Wednesday, 25 September 2013

Component Finite Element Analysis Work - L Bracket Assembly

Continuing on from the last blog this project invloved FEA analysis to be carried out on a L bracket assembly used to hold a roof window. The customer specified a total load of 700N acting on the assembly at the rotation point, causing a moment load to the main attachment lugs one of which is attached to the window the other to the roof frame.

CAD L Bracket Assembly

 The study results showed that the maximum Von Mises stress in the bolted region were well within acceptable levels. The maximum Von Mises stress occured away from the lug that were beyond yield of the material at the interface of the fold.

To reduce the high stress at the fold interface the model was changed by moving the fold 10mm and introducing a stress reducing hole of 5mm. Reducing the stress yeild value.

Tuesday, 24 September 2013

Component Finite Element Analysis Work - Sheave Assembly

We have been busy working on numerous projects over the last couple of months.

Finite element analysis work on components seems to be very popular, we will be blogging a few small examples:

Sheave Assembly
JNDC were contracted to perform an FEA analysis on the sheave assemblies to establish yield stress under a static load of 14,400lbs. (64,054N)


The analysis was carried out in two stages, the first was a quarter model testing the wheel with bearings and the second part was the aluminium structure.

Fine mesh was used to control the areas of high interst as shown:
The study results showed high stresses at the interface of the cable and wheel. Also the high stress showed the interface of the bearing with the fixtures as expected.

Monday, 23 September 2013

Threaded Inserts in Rapid Prototype Parts / Could this be a Solidworks add on ....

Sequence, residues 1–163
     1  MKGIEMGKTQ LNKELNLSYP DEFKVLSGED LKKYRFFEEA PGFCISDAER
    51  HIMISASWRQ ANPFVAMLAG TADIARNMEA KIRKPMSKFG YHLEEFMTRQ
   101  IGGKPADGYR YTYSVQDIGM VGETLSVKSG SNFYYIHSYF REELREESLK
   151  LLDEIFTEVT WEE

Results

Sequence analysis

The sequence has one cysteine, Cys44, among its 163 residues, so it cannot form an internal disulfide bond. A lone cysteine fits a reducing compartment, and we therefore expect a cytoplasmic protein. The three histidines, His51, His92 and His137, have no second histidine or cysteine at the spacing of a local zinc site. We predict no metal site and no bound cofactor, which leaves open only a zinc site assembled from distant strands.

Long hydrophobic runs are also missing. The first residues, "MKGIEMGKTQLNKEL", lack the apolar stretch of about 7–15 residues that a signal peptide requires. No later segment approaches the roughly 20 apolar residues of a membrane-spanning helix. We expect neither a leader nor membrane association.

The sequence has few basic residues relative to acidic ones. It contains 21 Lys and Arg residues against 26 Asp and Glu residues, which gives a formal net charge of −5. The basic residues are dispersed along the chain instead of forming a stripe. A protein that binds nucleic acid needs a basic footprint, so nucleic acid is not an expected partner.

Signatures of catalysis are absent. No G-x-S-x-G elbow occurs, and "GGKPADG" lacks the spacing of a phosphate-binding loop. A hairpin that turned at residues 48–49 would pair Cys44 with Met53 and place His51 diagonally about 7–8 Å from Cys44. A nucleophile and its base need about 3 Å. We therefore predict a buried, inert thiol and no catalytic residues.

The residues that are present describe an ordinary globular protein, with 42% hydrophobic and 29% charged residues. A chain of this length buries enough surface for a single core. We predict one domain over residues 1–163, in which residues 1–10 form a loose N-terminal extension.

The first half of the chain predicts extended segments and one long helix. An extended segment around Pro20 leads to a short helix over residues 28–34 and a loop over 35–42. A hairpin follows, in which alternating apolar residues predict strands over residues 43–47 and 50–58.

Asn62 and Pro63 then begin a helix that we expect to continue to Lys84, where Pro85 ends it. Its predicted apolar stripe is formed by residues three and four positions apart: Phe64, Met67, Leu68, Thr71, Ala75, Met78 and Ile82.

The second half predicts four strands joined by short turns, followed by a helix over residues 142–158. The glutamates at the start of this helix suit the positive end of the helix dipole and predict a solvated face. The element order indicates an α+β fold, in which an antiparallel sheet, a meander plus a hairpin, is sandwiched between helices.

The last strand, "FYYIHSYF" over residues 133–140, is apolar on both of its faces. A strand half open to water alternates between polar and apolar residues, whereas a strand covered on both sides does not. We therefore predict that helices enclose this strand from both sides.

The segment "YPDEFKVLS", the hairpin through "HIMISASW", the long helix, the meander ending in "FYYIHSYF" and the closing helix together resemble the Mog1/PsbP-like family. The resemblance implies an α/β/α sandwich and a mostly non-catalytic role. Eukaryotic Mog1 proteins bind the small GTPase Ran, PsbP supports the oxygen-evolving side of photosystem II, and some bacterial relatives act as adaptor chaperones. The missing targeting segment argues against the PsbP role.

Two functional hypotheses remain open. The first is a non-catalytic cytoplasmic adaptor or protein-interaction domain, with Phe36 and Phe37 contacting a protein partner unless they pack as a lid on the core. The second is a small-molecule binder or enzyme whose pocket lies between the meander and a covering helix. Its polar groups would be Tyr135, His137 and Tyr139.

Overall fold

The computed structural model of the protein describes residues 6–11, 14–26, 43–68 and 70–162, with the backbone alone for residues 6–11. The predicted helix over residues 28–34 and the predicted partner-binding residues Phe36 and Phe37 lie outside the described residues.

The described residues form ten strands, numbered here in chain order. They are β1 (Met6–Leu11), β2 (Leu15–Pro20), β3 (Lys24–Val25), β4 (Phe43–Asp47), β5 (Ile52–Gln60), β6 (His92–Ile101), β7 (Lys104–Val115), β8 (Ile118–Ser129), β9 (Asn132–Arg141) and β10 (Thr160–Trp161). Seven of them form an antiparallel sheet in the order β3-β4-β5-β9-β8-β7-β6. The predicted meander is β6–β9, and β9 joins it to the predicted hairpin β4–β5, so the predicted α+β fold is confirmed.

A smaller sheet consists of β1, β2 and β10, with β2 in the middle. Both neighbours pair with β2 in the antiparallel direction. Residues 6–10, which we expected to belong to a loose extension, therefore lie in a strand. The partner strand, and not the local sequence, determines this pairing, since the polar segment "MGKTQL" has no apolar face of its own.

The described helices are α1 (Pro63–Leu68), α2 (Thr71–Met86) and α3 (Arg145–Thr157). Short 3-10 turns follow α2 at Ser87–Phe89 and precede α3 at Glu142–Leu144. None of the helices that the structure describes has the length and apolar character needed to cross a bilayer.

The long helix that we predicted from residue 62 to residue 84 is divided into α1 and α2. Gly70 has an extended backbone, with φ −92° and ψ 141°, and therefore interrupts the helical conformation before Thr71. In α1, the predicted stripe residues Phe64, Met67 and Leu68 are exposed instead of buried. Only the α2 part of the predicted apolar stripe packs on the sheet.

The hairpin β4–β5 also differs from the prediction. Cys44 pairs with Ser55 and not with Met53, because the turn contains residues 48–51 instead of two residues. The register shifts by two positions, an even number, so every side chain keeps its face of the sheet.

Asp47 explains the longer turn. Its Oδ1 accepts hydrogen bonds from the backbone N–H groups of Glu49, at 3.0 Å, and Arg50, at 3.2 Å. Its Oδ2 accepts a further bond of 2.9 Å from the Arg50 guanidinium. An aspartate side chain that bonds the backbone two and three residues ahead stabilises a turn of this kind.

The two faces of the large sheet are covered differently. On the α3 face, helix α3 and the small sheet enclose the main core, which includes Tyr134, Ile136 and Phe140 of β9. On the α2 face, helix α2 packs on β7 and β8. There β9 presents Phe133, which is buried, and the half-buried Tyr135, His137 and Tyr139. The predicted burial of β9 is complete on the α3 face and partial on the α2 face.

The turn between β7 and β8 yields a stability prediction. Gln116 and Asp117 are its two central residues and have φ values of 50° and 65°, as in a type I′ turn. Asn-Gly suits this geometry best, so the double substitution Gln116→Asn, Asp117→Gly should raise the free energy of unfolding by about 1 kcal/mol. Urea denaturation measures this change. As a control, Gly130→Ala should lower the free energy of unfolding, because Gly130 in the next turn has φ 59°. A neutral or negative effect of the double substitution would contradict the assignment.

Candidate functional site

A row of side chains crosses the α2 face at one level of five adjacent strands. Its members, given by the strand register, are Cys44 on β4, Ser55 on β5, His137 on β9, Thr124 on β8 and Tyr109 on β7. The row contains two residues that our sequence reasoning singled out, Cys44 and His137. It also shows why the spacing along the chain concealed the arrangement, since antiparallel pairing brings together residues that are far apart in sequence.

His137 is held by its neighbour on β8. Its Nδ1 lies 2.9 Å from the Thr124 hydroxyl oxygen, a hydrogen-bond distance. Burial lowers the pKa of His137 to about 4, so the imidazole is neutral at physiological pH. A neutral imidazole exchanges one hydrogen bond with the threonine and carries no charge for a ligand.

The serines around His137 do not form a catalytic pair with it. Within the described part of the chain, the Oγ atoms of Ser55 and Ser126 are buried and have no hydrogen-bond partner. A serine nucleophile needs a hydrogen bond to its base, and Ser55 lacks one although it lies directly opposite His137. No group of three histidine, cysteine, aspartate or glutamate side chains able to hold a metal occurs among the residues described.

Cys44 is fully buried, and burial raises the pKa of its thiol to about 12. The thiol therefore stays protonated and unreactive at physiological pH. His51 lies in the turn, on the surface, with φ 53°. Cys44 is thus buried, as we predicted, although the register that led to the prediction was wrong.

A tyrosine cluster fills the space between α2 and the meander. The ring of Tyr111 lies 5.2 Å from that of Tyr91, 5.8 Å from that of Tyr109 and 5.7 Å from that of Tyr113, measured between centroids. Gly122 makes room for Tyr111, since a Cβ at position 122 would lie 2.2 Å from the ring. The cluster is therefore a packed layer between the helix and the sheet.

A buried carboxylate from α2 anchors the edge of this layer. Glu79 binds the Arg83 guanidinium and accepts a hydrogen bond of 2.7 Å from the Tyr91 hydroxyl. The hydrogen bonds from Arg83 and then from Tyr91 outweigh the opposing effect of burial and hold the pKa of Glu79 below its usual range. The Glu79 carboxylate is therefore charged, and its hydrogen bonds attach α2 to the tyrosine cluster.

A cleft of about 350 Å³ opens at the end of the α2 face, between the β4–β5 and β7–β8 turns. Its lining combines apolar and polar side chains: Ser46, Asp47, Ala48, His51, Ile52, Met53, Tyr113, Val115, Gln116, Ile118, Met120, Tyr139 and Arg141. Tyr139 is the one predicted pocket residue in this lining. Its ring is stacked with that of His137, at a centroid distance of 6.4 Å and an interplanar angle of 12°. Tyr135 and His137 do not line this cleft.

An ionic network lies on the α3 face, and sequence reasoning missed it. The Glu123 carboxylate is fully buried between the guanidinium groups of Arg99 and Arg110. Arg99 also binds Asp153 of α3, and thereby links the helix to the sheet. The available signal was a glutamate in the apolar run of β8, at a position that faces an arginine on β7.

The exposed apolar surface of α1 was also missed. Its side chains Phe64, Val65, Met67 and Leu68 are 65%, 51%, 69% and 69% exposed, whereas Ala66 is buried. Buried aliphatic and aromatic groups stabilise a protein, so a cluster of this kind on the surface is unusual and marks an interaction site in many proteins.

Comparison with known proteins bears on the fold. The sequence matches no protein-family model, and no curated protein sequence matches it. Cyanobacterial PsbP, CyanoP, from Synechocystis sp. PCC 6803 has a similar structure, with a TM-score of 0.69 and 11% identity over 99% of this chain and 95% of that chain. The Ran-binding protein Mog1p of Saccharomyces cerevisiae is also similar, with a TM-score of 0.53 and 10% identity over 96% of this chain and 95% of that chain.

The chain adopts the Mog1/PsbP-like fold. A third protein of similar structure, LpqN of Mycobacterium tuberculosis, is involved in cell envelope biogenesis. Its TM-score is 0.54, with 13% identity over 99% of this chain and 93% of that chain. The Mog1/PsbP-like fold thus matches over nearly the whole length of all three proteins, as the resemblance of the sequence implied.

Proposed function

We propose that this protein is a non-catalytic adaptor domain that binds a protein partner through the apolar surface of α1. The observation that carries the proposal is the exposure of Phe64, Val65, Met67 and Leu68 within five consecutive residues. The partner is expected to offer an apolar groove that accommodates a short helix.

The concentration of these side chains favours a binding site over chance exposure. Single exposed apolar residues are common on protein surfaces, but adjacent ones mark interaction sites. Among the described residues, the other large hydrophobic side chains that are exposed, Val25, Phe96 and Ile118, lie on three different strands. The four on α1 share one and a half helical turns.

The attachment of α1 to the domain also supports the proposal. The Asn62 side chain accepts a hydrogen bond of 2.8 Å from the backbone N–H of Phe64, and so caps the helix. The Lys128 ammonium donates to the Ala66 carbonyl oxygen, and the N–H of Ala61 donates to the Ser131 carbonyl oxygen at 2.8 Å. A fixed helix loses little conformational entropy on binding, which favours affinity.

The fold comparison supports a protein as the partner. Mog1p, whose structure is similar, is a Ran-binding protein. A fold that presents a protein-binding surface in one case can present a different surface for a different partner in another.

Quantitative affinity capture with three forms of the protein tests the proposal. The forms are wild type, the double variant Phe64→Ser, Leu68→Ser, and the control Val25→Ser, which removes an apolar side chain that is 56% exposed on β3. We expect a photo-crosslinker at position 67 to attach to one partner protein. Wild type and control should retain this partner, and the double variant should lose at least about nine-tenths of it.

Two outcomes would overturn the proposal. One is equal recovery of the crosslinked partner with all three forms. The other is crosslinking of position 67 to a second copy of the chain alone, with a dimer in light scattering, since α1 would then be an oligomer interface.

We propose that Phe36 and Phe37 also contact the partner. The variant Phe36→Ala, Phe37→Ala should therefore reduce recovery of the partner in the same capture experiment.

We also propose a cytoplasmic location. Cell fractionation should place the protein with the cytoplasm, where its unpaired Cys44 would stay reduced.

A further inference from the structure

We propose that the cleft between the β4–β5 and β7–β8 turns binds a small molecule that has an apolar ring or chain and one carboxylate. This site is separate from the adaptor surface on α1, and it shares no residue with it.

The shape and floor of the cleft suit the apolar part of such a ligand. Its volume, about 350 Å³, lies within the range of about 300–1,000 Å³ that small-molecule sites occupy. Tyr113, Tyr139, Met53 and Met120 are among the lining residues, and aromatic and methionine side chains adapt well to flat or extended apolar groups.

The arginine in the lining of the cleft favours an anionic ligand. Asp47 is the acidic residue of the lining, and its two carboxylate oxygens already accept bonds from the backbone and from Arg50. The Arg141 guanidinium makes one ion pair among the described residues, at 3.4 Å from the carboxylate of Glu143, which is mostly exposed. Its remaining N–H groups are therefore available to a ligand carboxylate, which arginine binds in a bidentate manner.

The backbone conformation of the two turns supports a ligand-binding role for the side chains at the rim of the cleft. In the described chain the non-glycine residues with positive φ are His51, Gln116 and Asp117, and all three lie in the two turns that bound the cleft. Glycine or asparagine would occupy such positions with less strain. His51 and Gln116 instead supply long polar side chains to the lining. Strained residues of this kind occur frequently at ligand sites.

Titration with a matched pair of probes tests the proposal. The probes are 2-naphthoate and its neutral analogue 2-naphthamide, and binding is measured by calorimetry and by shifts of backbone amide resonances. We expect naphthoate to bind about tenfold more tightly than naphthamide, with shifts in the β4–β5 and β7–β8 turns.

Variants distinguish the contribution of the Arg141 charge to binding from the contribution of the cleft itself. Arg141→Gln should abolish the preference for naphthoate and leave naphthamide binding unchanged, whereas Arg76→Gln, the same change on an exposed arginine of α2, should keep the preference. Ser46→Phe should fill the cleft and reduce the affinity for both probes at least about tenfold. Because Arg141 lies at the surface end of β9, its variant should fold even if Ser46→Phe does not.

We make a lot of plastic prototypes here for our customers.  Whenever we  need a tapped hole we just print the part with the correct diameter hole and then physically tap the plastic part after it is printed.  I use the Solidworks hole wizard to make sure I call up the correct sized hole for tapping after.  This has worked for us really well in the past, however recently we have found that the threads do wear over time. So I decided to get some threaded insert samples sent to me to try them out in the next prototype we make.  
We usually need threads from about M3 to M6 in size, so I got a range sent to me to do some investigation work on.

I have a few plans.  Firstly, work out how well these inserts work and also to see if I can work out how to modify hole wizard in Solidworks to have a function for easily making the correct sized hole for these threaded inserts.  I am not sure if it will be within the hole wizard option, a separate add on, or even a tool box item.  I am keen to work it out as we would use it a lot here at work if the inserts work out well for us.

Is there anyone out there who cam help with this one ?? Or if you have any experience using the inserts, do let me know.  Many thanks!!!

engineering design thread inserts

Friday, 20 September 2013

From Solidworks CAD concept to Aluminium in a day....all down to 3D printing and Solidworks!

The Journey to Find Cost Efficient Aluminium Rapid Parts Continued - Part Six

So I got into the office early this morning, to find an urgent job that needed an aluminium part!

We did the CAD quickly, sent it to our Uprint 3D printer and I have just arrived back from the foundry with 5 castings!  To some it might not sound like much, but for us, managing to go from concept to aluminium parts in less than 12 hours is fantastic.

Here is a screen shot of the part in Solidworks.
CAD Solidworks

So after doing the initial CAD I used the Solidworks tools to check the draft angles to make sure the foundry would be OK casting the part without having to rework any of the plastic master.

Here is a screen shot mid way through checking.

CAD Solidworks

Using the scaling tool, I added 3% to its size and then saved it as an STL ready for the printer. 

The UPrint 3D printer took 2 hours to print the part, and I jumped in the car and dropped it off at the foundry.

Mid afternoon I got a call to say they were ready for collection.

For those of you out there use to working with castings, it will look quite good.  Those of you not so used to seeing a raw casting it looks very rough around the edges.  Because it was such a quick job the foundry have not trimmed off the flashing (thin parts of aluminium that seeps into the split line of the sand mould).

So I will be spending the rest of Friday afternoon filing back the flashing. First thing Monday morning the parts can be heat treated so they can be a fully structural part.

Its quite an exciting process, and its great to know it can be done...

raw aluminium parts